The Beach

The Surroundings

The Cottage

The county of Pembrokeshire, Wales occupies the lower “foot” of the UK’s south-west coast with the county surrounded by sea on three sides. The Pembrokeshire Coast National Park is the only one of its kind in the country and the coastline is the main draw for tourists visiting this corner of the country. The breathtaking cliffs overlooking the sea and the rolling green hills and dales make this one of the most picturesque areas of the country.

You can reach Pembrokeshire by the extensive train and bus system which connects the county with the rest of the UK. Once in the county there are coastal bus services which can get you to anywhere along the 186 mile coastline. The Puffin Shuttle, Celtic Coaster, Coastal Cruiser, Stumble Shuttle and the cutely named Poppit Rocket are the coastal bus services. You can rent bikes and follow the National Cycle Routes 4 and 47 which travel from east to west across Pembrokeshire and Route 82 which goes north from Fishguard to Aberystwyth. Hike enthusiasts cat take the 186 mile Pembrokeshire Coastal Path which runs from Poppit to Amroth passing 58 beaches along the way. Within the Pembrokeshire Coastal National Park there are over 200 walking routes.

Pembrokeshire has a wealth of rental cottages in all shapes and sizes, from ultra-luxury, to simple self-catering rentals. You can also find hotels, bed and breakfasts, camp grounds, caravan parks, holiday villages, hostels and guesthouses. In fact there are over 250 accommodation options in and around Pembrokeshire.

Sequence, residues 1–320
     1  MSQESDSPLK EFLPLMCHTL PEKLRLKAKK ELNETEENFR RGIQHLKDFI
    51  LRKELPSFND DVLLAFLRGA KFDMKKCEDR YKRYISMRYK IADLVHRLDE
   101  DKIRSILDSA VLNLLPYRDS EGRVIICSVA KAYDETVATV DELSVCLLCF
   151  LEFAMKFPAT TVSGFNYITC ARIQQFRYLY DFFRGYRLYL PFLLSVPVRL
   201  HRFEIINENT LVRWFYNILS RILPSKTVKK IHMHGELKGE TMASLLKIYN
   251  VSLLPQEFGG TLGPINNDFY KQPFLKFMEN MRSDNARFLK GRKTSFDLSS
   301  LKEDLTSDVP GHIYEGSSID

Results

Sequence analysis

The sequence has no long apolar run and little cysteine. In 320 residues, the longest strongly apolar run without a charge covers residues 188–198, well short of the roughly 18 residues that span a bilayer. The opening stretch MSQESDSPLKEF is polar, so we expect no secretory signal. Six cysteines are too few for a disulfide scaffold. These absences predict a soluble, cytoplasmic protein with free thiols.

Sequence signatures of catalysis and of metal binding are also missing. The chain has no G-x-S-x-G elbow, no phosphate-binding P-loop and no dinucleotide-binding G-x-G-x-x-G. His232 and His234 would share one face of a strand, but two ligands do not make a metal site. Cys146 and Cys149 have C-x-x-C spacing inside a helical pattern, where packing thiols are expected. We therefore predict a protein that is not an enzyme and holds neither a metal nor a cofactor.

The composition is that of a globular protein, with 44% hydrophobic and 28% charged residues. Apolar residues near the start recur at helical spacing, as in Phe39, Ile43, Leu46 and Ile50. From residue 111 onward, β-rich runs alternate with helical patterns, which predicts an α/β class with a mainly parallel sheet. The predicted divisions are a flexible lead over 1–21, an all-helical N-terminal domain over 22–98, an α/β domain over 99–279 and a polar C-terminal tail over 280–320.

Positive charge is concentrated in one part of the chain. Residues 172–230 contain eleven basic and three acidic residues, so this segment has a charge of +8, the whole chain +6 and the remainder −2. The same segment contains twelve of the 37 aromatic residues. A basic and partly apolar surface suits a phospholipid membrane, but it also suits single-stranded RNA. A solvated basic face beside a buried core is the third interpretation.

Once you’ve based yourself in one of the county’s communities you can explore Pembrokeshire see some of the many attractions and participate in some of the activities available. Along the coast you’ll find over 50 beaches many are Blue Flag beaches and Seaside Award winning beaches. Take a boat ride out to Caldey Island from Tenby Harbor, the island has been inhabited by monks since Celtic times and it offers pristine countryside and a rich heritage. If you’re with kids visit Great Wedlock to see 25 life size animated dinosaur figures in the Dinosaur Park; go to Clerkenhill Adventure Farm; see the mammoth skeleton at the Ocean Lab marine life exhibition or spend the day at Oakwood Theme Park in Canaston Bridge, Narberth. Nature lovers will enjoy the Skomer, Skokholm and Grassholm Islands in St. Brides Bay. Here there are bird colonies, grey seals and even dolphins. Pembrokeshire has a number of beautiful historic buildings: visit the Holy Trinity Chapel at St. Davids; St. Mary’s Church in Tenby; the Bishop’s Palace in St. David’s; Norman Castle; Carew Castle; Cardigan Castle and Tudor Merchant’s House in Tenby.

Foodies will love the Cwm Deri vineyards and wine tasting in Pembrokeshire, as well as the food markets and the fresh locally sourced produce used to make the delicious traditional Welsh cuisine.

Perhaps the greatest thing about taking a holiday in Pembrokeshire is exploring the area on foot, following the many walks and hike paths and discovering small fishing villages and towns.